Vulnerable individuals face increased dementia risk due to lifelong exposure to risk factors, compounded by poverty and ethnicity. Those most affected lack the means to adopt healthier lifestyles.

In response to this evidence, we’ve laid out a series of recommendations for current and future governments to adopt, we believe these measures will go far in protecting the brain health of the whole nation.

We can all take steps to protect our brain health and lower our dementia risk. Up to 40% of global dementia cases could potentially be prevented or delayed by addressing at least 12 modifiable risk factors throughout our lives. While some of these risk factors fall on individual responsibility, others, like the air we breathe and the price of a healthy lifestyle, do not.

This means that dementia risk factors are not equally distributed across society. As a result, our most deprived communities and regions are unfairly burdened with poor brain health, increased dementia risk and reduced life expectancy.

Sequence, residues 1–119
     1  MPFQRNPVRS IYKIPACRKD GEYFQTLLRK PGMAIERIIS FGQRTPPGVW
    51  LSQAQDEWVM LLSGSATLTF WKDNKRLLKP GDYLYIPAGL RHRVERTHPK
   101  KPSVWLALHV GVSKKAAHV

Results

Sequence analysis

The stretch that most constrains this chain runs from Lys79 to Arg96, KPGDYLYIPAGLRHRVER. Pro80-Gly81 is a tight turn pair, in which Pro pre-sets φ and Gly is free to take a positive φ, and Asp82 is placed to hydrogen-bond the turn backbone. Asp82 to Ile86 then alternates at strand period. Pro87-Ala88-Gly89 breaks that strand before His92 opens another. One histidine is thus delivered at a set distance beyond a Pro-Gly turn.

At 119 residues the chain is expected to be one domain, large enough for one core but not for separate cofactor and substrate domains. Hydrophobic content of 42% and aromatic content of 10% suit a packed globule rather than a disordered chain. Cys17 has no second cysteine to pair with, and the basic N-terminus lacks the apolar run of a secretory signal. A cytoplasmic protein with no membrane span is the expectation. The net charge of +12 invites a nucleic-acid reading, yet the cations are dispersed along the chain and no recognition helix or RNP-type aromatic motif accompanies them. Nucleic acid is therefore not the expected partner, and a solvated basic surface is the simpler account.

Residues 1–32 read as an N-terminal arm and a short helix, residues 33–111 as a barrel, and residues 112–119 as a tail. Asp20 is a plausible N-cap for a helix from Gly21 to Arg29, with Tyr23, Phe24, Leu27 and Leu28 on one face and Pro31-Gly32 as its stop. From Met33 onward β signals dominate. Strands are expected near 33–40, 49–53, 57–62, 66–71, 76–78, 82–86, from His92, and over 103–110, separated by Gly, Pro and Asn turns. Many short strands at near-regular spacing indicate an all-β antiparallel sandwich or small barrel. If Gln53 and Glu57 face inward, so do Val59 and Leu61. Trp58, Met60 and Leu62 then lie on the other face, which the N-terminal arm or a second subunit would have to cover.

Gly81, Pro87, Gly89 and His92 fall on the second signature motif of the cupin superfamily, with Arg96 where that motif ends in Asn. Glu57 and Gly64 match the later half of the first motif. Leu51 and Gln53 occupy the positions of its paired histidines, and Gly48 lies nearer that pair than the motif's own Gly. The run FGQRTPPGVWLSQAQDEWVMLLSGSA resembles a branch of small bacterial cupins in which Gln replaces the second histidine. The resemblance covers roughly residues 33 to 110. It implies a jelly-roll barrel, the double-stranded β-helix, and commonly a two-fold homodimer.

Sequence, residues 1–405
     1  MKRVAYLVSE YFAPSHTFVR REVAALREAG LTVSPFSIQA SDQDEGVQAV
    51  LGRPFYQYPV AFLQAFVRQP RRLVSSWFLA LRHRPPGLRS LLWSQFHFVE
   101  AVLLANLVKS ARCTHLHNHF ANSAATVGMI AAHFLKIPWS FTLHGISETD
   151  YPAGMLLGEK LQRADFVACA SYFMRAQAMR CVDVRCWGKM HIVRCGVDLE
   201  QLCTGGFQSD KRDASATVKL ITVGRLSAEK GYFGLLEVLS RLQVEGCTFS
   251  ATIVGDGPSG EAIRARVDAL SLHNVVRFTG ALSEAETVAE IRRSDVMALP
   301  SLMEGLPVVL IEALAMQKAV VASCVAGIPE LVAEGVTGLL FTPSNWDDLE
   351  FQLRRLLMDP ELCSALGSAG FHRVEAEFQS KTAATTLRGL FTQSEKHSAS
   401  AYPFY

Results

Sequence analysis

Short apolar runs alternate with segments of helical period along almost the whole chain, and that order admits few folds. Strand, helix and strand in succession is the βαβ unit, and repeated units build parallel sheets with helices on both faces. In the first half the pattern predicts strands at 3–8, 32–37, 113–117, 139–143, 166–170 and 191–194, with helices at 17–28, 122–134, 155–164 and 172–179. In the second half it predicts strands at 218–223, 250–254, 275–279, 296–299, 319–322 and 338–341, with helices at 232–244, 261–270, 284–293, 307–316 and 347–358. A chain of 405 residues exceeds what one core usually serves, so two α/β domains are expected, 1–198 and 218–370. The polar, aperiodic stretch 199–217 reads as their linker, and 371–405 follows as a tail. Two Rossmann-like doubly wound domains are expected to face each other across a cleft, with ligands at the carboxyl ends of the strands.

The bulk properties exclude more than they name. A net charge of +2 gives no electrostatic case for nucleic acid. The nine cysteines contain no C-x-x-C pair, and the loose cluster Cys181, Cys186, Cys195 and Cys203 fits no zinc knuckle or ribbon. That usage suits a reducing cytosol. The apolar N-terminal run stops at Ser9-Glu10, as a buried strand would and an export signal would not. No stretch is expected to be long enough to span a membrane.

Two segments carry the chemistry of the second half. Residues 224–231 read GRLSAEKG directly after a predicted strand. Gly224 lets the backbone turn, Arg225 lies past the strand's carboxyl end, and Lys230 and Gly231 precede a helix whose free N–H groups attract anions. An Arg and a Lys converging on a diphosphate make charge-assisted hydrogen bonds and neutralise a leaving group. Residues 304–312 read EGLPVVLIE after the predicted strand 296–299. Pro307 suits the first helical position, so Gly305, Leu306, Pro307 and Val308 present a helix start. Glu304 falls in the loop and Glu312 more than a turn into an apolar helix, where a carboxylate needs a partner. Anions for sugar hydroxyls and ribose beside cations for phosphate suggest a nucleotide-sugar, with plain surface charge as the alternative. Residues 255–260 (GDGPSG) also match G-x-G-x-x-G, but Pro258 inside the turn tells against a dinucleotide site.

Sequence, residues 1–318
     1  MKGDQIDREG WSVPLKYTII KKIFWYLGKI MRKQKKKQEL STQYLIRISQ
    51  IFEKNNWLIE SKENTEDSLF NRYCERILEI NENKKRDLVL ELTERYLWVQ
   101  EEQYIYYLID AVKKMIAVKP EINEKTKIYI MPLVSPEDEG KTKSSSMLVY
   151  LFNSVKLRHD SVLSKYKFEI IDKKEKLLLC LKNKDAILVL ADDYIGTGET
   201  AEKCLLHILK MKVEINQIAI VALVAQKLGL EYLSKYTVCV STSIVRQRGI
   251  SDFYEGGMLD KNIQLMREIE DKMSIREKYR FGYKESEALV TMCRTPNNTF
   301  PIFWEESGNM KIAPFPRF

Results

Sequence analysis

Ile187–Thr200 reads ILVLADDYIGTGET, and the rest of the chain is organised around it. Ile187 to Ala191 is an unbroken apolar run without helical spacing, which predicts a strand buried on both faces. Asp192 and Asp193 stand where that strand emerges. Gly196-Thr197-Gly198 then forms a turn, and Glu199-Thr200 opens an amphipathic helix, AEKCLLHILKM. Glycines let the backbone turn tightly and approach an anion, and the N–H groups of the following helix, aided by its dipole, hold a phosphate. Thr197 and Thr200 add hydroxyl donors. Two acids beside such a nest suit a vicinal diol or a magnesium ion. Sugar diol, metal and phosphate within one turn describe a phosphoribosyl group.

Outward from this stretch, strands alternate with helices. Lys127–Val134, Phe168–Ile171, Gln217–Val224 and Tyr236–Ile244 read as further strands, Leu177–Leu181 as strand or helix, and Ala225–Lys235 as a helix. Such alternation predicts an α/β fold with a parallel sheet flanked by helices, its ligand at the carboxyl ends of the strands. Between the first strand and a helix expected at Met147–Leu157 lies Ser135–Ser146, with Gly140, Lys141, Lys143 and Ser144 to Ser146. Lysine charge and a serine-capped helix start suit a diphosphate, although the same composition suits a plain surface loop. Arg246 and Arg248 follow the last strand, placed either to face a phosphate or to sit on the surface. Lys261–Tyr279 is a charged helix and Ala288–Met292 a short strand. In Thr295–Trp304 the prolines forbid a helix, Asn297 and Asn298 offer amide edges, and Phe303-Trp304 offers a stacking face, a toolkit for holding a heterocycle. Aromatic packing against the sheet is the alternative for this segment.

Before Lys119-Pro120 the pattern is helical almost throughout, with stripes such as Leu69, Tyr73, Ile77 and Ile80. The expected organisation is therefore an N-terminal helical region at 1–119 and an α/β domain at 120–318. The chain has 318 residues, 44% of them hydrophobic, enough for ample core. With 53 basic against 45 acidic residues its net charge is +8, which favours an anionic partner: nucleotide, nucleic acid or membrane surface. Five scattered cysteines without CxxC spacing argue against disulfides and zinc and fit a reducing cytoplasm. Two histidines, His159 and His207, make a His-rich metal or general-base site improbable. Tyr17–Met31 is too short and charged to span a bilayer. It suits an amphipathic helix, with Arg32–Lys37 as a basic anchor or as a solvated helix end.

With dementia still one of the leading causes of death in the UK, there has never been a more pressing time to prioritise brain health and address inequity in dementia risk.

Towards Brain Health Equity: Tackling Inequalities in Dementia Risk


To prevent ill health, tackle health inequalities, and improve brain health, we’re calling for a cross-government strategy to:

  1. Clean up our air by committing to reach fine particulate matter levels of 10 µg/m3 by 2030, and 5 µg/m3 (the current WHO recommended maximum) as soon as possible.
  2. Make smoking obsolete by achieving a 5% or lower smoking rate by 2030, funded by implementing a ‘polluter pays’ levy on tobacco manufacturers.
  3. Promote healthy eating through implementing the recommendations from the 2021 National Food Strategy, including an ambitious programme to make processed food healthier.
  4. Tackle high blood pressure by implementing regulator-approved antihypertensives, lowering NHS Health Check eligibility age, and promoting Health Check participation, to increase the number of people successfully managing their blood pressure.
  5. Identify and treat hearing loss by integrating hearing checks in to the NHS Health Check, so that people who need hearing aids receive them.